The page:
The League joined a letter to Members of Congress advocating for a swift passage of pay equity legislation. As the COVID pandemic reveals job losses primarily affecting Black and brown women, LWV believes it is critical that Congress moves on fair pay legislation.
Co-Sponsor and Support Swift Passage of the Paycheck Fairness Act
February 3, 2021
Dear Member of Congress:
As members of a broad coalition of organizations that promote economic opportunity for women and vigorous enforcement of antidiscrimination laws, we strongly urge you to co-sponsor and push for swift passage of the Paycheck Fairness Act as a top priority of the 117th Congress. Despite federal and state equal pay laws, gender pay gaps persist, and earnings lost to these gaps are exacerbating the financial effects of COVID-19, falling particularly heavily on women of color and the families who depend on their income. This legislation offers a much needed update to the Equal Pay Act of 1963 by providing new tools to battle pervasive pay gaps and to challenge discrimination.
The COVID-19 pandemic and systemic racism have exposed how the work performed primarily by women, and particularly Black and brown women, has long been and continues to be undervalued and underpaid, even as the rest of the country is newly recognizing the essential nature of this work. Black women, Latinas, and other women of color are especially likely to be on the front lines of the crisis, risking their lives in jobs in health care, child care, and grocery stores; they are also being paid less than their male counterparts. At the same time, women in this country lost more than 5 million jobsin 2020; indeed, women accounted for 100% of the jobs lost in December 2020. The unemployment rate for Black women and Latinas remains exceptionally high. These high jobless numbers threaten to exacerbate gender wage gaps when women regain employment. We cannot build back an economy that works for everyone without ensuring that all women can work with equality, safety, and dignity, starting with pay equity.
There is no more fitting way to begin this session than by making real, concrete progress in ensuring all women receive fair pay. The Paycheck Fairness Act updates and strengthens the Equal Pay Act of 1963 to ensure that it provides robust protection against sex-based pay discrimination. Among other provisions, this comprehensive bill bars retaliation against workers who voluntarily discuss or disclose their wages. It closes loopholes that have allowed employers to pay women less than men for the same work without any important business justification related to the job. It ensures women can receive the same robust remedies for sex-based pay discrimination that are currently available to those subjected to discrimination based on race and ethnicity. It prohibits employers from relying on salary history in determining future pay, so that pay discrimination does not follow women from job to job. And it also provides much needed training and technical assistance, as well as data collection and research.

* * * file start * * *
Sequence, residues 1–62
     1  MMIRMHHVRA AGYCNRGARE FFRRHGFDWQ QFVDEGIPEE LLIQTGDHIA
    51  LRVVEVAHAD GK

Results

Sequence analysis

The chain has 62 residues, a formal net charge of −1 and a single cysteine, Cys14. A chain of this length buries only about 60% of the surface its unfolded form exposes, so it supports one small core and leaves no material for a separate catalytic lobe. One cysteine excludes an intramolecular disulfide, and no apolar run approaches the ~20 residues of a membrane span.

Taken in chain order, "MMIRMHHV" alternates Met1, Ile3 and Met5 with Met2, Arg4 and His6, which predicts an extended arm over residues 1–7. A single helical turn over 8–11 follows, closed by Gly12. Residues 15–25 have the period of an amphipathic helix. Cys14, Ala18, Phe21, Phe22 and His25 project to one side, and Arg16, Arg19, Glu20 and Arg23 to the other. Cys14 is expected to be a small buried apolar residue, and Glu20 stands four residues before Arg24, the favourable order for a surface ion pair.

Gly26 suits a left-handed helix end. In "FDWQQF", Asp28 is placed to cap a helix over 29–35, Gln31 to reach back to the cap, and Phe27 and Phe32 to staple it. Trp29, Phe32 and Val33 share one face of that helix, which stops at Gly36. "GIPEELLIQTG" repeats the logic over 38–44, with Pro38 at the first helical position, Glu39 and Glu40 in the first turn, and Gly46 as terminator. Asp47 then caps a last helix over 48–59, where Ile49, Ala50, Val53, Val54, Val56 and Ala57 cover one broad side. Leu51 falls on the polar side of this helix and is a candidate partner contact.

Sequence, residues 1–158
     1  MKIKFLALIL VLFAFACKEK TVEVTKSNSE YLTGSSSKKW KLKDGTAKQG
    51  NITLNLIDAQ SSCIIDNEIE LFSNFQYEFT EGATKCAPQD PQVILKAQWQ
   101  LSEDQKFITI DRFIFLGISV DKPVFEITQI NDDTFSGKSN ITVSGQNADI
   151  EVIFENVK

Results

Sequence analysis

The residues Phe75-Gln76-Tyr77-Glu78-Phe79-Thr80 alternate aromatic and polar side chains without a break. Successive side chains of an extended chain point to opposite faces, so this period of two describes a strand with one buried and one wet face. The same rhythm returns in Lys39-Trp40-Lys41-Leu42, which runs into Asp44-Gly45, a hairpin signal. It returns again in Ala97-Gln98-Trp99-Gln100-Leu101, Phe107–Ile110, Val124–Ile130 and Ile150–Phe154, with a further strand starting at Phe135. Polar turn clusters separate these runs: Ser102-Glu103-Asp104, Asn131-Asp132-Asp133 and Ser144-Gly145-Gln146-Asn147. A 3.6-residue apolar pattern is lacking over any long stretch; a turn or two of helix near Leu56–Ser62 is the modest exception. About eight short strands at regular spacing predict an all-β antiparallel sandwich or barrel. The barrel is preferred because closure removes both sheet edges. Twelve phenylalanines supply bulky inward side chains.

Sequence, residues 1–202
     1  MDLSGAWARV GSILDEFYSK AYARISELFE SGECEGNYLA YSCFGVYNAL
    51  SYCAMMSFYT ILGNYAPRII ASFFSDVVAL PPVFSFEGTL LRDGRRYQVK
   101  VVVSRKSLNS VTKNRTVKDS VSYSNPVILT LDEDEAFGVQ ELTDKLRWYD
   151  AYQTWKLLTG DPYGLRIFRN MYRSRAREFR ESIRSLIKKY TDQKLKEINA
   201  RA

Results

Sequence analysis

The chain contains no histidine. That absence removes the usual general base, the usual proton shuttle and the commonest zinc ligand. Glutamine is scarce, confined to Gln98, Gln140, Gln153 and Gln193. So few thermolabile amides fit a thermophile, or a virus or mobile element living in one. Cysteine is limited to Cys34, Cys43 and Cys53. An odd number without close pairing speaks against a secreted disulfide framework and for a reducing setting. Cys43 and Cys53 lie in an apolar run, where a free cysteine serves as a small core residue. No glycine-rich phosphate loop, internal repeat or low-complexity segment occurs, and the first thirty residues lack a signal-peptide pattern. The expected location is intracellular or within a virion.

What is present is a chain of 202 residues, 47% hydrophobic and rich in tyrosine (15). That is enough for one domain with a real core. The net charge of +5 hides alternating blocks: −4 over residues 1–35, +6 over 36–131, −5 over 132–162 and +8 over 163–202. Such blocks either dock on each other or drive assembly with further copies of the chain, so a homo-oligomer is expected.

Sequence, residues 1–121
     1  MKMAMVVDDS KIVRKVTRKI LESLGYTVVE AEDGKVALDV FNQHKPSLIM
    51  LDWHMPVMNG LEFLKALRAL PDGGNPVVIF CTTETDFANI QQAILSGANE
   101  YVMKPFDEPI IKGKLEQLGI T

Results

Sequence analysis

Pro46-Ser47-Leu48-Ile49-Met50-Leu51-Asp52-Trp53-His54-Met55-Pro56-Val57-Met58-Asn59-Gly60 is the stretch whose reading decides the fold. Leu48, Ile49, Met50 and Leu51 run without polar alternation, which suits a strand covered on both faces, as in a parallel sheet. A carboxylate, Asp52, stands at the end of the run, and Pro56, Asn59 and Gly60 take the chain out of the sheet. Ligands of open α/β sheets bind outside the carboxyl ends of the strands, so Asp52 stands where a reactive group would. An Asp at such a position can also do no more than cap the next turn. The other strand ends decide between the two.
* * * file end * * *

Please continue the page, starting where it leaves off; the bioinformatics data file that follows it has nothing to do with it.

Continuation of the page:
Women are increasingly the primary or co-breadwinner in their families and cannot afford to be shortchanged any longer. Women working full-time, year-round are typically paid only 82 cents for every dollar paid to men. But for every dollar paid to their white, non-Hispanic male counterparts, Black women only make 63 cents, Native women only 60 cents, and Latinas only 55 cents. While Asian American and Pacific Islander (AAPI) women make 87 cents for every dollar paid to white, non-Hispanic men, women in many AAPI communities experience drastically wider pay gaps. Furthermore, moms are paid less than dads. And even when controlling for factors, such as education and experience, the pay gaps persist and start early in women’s careers and contribute to a wealth gap that follows them throughout their lifetimes. These pay gaps can be addressed only if workers have the legal tools necessary to challenge discrimination and employers are provided with effective incentives and technical assistance to comply with the law.
We recently commemorated the twelfth anniversary of the enactment of the Lilly Ledbetter Fair Pay Act. That vital law rectified the Supreme Court’s harmful decision in Ledbetter v. Goodyear Tire & Rubber Company. The law helps to ensure that individuals subjected to unlawful compensation discrimination are able to have their day in court and effectively assert their rights under federal antidiscrimination laws. But the Lilly Ledbetter Fair Pay Act, critical as it is, is only one step on the path to ensuring women receive equal pay for equal work. It’s time to take the next step toward achieving equal pay. We urge you to prioritize the Paycheck Fairness Act in the 117th Congress by co-sponsoring and urging swift passage of this legislation, taking up the cause of Lilly Ledbetter and all those who have fought for equal pay.
If you have any questions, please do not hesitate to contact Kate Nielson, Director of Public Policy & Legal Advocacy at the American Association of University Women at 202.728.7617 or [email protected], or Emily Martin, Vice President for Education & Workplace Justice at the National Women's Law Center at 202.588.5180 or [email protected]
For full list of signatories see attached letter